I believe that art in the public sphere is vital, to begin with. It doesn't matter if it is decorative, functional, or with a message or not. Street art by definition is "out there" for everyone to see and experience. Museums and galleries do a great job of preserving, curating, archiving, etc. many artworks. Street art is inherently by the people and for the people, and anyone can be a part of it. Whether he is an artist or just a spectator.
Art in remote neighborhoods like Nadezhda is vital. Street art doesn't have to be in the form of a mural. Any kind of art would enliven any public space. Music, performance, visual arts, and the list goes on. I believe that people should have the right to touch art in every neighborhood. Especially in neighborhoods where nothing seems to be happening, changing, or improving.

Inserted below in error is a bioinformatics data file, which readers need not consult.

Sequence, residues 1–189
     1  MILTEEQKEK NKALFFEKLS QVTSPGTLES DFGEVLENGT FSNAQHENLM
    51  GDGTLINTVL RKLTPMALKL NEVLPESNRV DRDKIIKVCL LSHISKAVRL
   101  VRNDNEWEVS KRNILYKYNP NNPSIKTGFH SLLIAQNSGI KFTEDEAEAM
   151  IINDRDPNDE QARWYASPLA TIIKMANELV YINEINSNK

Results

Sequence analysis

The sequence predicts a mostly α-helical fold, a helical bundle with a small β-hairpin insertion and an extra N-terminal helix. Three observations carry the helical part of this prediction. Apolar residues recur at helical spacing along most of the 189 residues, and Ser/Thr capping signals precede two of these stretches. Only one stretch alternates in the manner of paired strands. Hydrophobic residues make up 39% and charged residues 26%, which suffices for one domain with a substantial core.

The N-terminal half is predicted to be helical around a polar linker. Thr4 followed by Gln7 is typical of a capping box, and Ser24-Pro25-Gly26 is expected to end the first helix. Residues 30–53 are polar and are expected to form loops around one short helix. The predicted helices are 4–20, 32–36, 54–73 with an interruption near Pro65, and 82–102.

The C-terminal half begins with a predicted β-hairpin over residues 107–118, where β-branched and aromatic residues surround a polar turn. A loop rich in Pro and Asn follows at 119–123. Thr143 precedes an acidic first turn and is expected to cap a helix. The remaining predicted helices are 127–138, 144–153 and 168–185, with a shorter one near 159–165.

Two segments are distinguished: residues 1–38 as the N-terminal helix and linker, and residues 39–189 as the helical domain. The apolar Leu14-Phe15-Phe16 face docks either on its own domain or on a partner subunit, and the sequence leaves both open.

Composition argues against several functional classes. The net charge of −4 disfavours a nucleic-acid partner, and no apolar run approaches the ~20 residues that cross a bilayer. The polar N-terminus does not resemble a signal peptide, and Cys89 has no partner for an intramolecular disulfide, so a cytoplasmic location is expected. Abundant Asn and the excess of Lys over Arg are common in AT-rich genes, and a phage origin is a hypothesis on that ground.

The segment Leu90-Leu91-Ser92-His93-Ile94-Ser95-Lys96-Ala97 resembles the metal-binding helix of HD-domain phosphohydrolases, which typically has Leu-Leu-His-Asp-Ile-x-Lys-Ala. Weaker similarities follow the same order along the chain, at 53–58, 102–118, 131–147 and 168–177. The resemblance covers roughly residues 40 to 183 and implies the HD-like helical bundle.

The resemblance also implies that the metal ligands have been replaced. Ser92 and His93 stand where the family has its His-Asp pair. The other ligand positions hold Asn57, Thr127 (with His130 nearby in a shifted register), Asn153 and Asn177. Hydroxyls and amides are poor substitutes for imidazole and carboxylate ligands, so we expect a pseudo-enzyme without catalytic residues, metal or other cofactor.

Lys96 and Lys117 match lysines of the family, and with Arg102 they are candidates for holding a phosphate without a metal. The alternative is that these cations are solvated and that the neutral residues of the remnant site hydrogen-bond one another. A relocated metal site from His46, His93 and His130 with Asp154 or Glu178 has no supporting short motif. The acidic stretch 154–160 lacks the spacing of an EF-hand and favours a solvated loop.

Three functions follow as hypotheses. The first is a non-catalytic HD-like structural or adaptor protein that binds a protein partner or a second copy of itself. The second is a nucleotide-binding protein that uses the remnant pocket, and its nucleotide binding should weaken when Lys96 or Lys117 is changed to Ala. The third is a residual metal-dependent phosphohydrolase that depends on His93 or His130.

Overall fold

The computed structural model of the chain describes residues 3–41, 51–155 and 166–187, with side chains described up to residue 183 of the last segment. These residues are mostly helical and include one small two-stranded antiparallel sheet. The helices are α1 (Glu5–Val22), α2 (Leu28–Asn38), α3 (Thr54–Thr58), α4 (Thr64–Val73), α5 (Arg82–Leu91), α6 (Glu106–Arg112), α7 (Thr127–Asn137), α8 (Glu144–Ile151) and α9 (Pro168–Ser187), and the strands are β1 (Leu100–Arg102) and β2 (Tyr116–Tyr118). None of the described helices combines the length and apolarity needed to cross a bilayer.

How do you reflect a certain subject on your "canvas" - whether it's a wall or a real canvas?
I try to study a topic first and understand every assignment given to me (if any). I then sketch and transfer the ideas to paper (or screen) and aim for a composition that best expresses my reaction. The last step is the selection of colors and giving the vibe or mood, if you will, to this composition through the color combination.
You have been involved in graffiti since you were a teenager and you have developed to the level of a professional and recognizable artist in Europe. What is your approach to developing and building your style?